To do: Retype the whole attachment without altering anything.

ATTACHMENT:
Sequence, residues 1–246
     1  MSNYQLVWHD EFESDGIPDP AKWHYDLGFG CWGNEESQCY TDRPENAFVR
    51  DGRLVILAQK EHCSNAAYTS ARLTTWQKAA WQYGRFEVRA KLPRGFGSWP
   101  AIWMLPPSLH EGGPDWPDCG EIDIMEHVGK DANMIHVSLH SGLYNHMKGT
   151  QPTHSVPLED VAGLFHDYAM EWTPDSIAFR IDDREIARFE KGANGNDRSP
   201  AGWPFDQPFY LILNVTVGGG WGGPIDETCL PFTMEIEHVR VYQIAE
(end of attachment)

Sequence, residues 1–246
     1  MSNYQLVWHD EFESDGIPDP AKWHYDLGFG CWGNEESQCY TDRPENAFVR
    51  DGRLVILAQK EHCSNAAYTS ARLTTWQKAA WQYGRFEVRA KLPRGFGSWP
   101  AIWMLPPSLH EGGPDWPDCG EIDIMEHVGK DANMIHVSLH SGLYNHMKGT
   151  QPTHSVPLED VAGLFHDYAM EWTPDSIAFR IDDREIARFE KGANGNDRSP
   201  AGWPFDQPFY LILNVTVGGG WGGPIDETCL PFTMEIEHVR VYQIAE